For the longest time, we’ve been used to requiring a core for our libraries to control them in a comfortable manner. Roon is a good example of this. As a 3-tier system, it requires a core, endpoint, and control component. The core is the part that tracks the library content and hosts the database, the endpoint is where you send the music to playback, and the control element is how you control this, usually with a phone or tablet, often an iPad. If your music sources are predominantly of the cloud service (streaming) kind, you might wonder why you’d still need a core. Indeed, as Qobuz Connect and Tidal Connect prove, you can just as easily stream to your endpoint directly from your phone or tablet. But herein lies the clincher. In the aforementioned cases, you are bound to a single service. All services have their own dedicated app that does not play ball with other streaming services. Even more importantly, these apps only work via Airplay.
JPLAY solves this problem by combining Qobuz, Tidal, and local content in a single, simple, and elegant interface that offers literally all the functionality one can wish for. According to the maker, the app works instantly with nearly every streamer or network DAC on the market through UPnP AV.
The design brief was not just to create a superb user interface, but JPLAY also made sure to minimize the network traffic between the app and the audio endpoint to the absolute minimum to ensure the lowest possible network noise and, as a result, the best sound quality.
Thanks to native iOS programming and advanced optimizations, JPLAY promises exceptional speed and responsiveness. You may combine all your music in a single library or use each music server and streaming service separately.
With the latest update (version 1.0.14), JPLAY also features integration with TIDAL MAX. With the integration of TIDAL MAX, JPLAY users can now enjoy audio streaming up to 24-bit, 192 kHz, exceeding the quality offered by TIDAL Master.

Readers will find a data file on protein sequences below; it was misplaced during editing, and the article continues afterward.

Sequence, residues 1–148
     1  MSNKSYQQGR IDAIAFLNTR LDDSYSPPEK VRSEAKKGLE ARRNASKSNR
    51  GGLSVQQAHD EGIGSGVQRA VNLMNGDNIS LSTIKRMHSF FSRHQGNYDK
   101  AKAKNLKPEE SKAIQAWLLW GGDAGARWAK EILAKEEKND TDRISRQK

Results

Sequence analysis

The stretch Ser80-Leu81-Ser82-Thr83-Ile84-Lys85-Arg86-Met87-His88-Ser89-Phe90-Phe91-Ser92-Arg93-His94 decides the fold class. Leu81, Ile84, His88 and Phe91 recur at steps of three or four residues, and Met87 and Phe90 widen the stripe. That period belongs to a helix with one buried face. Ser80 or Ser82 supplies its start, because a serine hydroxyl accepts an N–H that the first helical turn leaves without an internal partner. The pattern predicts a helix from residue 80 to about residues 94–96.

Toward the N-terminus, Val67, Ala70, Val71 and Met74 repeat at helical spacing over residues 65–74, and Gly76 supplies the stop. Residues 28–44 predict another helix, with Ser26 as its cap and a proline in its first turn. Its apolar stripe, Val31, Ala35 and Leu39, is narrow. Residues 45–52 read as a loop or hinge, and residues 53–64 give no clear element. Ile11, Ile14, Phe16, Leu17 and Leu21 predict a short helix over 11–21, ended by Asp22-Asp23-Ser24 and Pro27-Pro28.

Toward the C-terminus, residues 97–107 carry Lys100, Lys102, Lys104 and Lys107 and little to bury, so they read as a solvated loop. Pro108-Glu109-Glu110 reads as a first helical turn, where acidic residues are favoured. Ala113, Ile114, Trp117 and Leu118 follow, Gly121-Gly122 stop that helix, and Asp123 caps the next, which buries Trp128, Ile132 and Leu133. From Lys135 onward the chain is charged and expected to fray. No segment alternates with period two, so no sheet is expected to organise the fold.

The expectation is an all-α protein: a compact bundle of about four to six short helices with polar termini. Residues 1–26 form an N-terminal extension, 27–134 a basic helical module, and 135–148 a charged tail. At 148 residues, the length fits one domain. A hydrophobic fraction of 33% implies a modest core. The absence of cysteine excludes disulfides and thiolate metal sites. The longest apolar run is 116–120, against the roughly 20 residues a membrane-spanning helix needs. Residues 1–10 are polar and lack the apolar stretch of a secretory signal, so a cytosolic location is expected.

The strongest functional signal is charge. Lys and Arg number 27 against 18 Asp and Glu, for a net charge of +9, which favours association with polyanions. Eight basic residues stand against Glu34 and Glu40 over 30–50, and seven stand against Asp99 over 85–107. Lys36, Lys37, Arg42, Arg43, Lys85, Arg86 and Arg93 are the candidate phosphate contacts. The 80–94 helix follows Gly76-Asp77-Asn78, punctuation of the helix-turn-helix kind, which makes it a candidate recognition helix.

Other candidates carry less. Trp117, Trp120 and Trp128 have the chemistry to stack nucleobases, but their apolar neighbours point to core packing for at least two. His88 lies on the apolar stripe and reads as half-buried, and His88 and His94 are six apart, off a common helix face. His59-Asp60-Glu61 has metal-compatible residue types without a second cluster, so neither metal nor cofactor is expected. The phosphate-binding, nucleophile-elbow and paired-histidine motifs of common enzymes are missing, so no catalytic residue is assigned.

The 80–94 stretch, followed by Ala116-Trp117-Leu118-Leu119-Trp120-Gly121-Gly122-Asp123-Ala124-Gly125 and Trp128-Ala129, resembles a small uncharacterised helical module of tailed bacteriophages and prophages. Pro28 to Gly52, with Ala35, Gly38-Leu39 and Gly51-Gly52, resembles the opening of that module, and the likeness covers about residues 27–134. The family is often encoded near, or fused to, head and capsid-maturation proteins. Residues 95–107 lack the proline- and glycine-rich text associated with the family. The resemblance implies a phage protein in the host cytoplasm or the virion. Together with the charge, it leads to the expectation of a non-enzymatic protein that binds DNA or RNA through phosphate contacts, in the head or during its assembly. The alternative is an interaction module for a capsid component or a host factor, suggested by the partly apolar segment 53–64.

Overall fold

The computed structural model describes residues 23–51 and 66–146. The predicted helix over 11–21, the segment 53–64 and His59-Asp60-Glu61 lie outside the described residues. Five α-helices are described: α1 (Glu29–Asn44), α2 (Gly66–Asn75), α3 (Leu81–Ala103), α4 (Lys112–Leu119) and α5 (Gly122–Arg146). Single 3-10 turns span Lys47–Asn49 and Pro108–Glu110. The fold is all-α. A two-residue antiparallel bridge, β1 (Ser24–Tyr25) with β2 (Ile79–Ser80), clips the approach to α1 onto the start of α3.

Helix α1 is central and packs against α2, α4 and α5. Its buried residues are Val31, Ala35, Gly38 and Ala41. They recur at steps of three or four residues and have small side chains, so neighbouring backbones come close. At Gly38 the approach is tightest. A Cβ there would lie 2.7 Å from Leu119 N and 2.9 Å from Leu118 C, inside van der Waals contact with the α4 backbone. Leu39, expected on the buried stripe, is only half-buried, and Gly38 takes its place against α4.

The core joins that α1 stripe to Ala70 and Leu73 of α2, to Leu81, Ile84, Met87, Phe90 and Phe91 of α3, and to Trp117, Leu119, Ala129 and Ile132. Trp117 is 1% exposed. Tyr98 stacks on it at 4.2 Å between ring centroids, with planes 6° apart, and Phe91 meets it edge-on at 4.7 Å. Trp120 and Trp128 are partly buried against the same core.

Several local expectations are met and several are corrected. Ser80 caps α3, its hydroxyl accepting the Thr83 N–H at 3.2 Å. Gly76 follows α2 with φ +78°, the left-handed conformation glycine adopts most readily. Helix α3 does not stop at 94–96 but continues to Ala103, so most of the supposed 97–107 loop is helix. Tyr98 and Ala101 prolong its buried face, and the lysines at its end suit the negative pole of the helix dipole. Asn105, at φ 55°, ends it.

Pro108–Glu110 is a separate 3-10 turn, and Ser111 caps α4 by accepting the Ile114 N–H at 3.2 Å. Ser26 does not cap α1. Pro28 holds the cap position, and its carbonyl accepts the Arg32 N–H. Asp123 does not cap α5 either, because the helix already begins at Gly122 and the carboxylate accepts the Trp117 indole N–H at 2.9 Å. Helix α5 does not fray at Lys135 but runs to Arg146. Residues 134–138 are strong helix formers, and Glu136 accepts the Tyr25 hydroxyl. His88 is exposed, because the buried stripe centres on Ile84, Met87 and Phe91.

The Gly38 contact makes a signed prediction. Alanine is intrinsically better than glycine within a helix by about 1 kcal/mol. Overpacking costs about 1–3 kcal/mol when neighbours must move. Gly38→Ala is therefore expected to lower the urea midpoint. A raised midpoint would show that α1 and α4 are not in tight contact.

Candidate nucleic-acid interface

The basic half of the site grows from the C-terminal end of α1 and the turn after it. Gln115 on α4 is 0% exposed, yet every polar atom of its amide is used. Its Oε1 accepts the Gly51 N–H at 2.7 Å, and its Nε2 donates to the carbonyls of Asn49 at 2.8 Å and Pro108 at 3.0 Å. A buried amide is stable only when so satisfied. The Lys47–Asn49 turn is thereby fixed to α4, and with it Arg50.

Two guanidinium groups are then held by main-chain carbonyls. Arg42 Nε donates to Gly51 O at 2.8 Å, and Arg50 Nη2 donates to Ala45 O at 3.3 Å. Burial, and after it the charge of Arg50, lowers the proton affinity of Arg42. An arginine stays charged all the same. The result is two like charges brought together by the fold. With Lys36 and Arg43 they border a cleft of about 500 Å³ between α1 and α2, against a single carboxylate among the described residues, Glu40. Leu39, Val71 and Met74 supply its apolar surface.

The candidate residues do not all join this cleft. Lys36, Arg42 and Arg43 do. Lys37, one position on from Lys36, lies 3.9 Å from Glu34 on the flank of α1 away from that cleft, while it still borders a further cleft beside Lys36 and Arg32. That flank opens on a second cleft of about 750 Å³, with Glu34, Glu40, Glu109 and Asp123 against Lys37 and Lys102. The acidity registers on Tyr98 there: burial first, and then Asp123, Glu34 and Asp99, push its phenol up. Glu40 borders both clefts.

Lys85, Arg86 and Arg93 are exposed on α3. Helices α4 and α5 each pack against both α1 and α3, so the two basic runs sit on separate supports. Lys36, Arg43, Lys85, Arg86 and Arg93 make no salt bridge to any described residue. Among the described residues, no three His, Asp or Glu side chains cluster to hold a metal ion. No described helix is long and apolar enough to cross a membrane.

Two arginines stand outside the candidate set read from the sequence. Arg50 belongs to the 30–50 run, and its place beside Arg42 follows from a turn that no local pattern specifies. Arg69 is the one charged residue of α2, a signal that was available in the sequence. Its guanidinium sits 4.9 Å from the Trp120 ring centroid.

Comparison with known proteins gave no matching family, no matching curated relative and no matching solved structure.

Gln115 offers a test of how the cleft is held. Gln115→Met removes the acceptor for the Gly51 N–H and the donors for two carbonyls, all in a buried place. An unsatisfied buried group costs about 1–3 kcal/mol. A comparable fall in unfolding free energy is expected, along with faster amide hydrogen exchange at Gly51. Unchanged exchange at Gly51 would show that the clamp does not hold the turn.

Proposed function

The cost matter
JPLAY positively stands out when it concerns the slickness of the interface and the extra functionality that is offered. In line with most software these days, JPLAY can only be purchased as a subscription, and the amount adds up over the years. A fair question is whether it is worth the extra expense over other single-purchase apps. Andoid users have historically been served better with a choice of UPnP apps while for iOS users, Mconnect was really the only good option.
Mconnect can be downloaded for peanuts, but its very basic functionality is only barely good enough. More precisely, I found its user interface merely adequate and nowhere near as good as Roon. Still, I used it because there was nothing better for iOS.
It is widely agreed that Roon has set the benchmark with its user interface. However, Roon is a 3-prong system that requires a core for the server component, does not work with UPnP, and is quite costly. In that light, what’s offered with JPLAY starts to make a lot of sense. And that’s before we even get into the Sound Quality side of things. But I’ll get to that in a second. First, let me show some more screenshots to illustrate the app’s extensive functionality.
When opening the app for the first time, it takes you by the hand by automatically scanning the network and showing the found renderers (streaming endpoints).
The next step is to select the desired streaming service.
After logging in with Qobuz for the first time, the JPLAY main screen is automatically and fully populated with all your personal content. Below is the Home screen in its full glory.
Is that a beautiful interface, or what? Every header, such as Playlists, Favorites, Recently Added, etcetera, has a “more” button to show more of the related content.
The beauty of this app is that it looks very clean and simple but offers all the functionality that I can think of and then some! And there is no learning curve; everything is where you expect it to be. You simply start exploring, and all is revealed naturally.
All the usual metadata sub-divisions and streaming service categories, as well as access to the app’s main settings, are right there in the main slide-over settings pane.
Every endpoint has its dedicated Settings section, along with all the adjustments you could ever need.
Once you have used Qobuz to play a few tracks, the home screen is also populated with all Recently Played Tracks.
Next: functionality Continued